7. Teacher effectiveness - Should Congress regulate teacher credentials (as with the current "highly qualified teachers" mandate) and/or
  8. ...

Yesterday afternoon my colleague Chris Irvine and I sat down with three of Denmark's most promising. They're elected leaders of the Association of Danish Pupils, the nation's student-run education-policy organization. (Think: a national student council, or a stellar group of model Congress participants, only the model Congress actually gets to influence policy.)

A few highlights stood out to me as we explained the American education system and federal and state policy, and heard a bit about the issues facing Denmark's schools:

  • The Danes are struggling with how to incorporate virtual learning into the classroom in much the same way that the United States is. For these intrepid youth, intent on discovering means of diversifying instruction and providing targeted, individualized instruction, digital learning wasn't really on their radar. According to the youth, Denmark is behind when it comes to virtual schooling. We commiserated over that fact?and I wondered silently how long it would be before each of our nations were so far behind in this domain that it is noticeably and negatively affecting our global competitiveness. Hopefully we push the throttle forward on digital learning and don't see that reality come to pass.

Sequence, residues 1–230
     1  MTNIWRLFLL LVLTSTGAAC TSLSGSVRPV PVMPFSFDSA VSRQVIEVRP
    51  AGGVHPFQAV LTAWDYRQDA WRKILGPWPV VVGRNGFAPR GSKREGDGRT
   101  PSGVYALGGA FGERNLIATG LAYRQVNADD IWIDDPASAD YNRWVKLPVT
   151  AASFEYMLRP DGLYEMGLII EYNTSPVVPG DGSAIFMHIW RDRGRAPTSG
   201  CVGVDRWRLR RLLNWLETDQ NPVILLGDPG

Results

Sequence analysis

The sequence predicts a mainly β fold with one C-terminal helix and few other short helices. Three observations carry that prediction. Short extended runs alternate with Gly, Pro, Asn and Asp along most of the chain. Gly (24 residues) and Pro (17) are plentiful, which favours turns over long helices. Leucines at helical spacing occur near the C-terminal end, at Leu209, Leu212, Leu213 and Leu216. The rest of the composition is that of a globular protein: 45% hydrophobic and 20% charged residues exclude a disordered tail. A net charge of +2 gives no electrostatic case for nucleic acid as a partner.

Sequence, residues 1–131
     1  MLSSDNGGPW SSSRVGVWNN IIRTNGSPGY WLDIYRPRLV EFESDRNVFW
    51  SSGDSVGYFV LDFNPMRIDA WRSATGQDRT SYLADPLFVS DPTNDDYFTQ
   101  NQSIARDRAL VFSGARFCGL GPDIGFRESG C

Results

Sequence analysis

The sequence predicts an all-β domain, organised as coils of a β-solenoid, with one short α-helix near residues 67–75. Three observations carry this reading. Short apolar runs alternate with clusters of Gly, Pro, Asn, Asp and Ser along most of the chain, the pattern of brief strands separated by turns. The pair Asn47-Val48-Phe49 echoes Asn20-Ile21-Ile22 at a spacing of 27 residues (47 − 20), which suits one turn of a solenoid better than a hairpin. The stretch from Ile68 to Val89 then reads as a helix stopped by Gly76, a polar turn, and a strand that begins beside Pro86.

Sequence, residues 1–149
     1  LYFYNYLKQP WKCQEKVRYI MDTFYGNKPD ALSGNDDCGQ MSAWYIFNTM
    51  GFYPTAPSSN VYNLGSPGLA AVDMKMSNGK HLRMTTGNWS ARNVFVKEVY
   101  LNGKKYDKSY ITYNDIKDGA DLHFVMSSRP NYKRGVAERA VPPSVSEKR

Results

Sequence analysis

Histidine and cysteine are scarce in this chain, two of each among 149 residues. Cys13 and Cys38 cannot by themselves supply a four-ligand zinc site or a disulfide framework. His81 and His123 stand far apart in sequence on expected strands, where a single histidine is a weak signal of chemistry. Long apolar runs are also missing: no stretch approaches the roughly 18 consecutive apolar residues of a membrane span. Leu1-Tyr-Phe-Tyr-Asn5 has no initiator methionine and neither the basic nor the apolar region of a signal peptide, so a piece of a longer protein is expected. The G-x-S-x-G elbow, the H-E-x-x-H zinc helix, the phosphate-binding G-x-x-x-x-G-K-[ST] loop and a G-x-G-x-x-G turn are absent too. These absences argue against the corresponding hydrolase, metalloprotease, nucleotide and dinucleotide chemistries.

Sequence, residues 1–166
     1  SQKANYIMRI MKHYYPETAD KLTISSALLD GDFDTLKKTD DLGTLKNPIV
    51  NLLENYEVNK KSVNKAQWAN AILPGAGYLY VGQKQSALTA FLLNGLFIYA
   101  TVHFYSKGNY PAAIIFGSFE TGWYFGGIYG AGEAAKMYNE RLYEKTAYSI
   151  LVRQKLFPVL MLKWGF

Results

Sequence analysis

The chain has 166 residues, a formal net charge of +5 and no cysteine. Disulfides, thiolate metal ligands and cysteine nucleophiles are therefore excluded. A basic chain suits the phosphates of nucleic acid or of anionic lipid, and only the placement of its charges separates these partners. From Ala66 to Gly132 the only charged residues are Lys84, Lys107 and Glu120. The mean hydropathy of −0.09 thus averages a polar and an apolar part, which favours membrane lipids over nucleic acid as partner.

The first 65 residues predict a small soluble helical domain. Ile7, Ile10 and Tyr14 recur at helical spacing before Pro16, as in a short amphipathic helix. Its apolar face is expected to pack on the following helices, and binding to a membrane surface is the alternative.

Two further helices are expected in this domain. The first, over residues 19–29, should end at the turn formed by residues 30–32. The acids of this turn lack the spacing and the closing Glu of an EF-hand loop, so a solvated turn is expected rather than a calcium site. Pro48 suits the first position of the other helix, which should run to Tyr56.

• We talked briefly about how our two countries handle special education. The students raised an important issue?special education is extremely expensive in Denmark?and no one really knows how the money is being allocated, or if the money is being well-spent. Yet, while the high schoolers eagerly explained that the percentage of funding that goes to special-education
  • ...

Last September, Minnesota Commissioner of Education Alice Seagren adopted the Common Core standards in ELA but not in math, arguing that the state's existing math standards were far superior than the CCSS. With a new Commissioner, Brenda Cassellius, selected by the new Democratic governor, Republican lawmakers are now working to ensure that that decision cannot be revisited.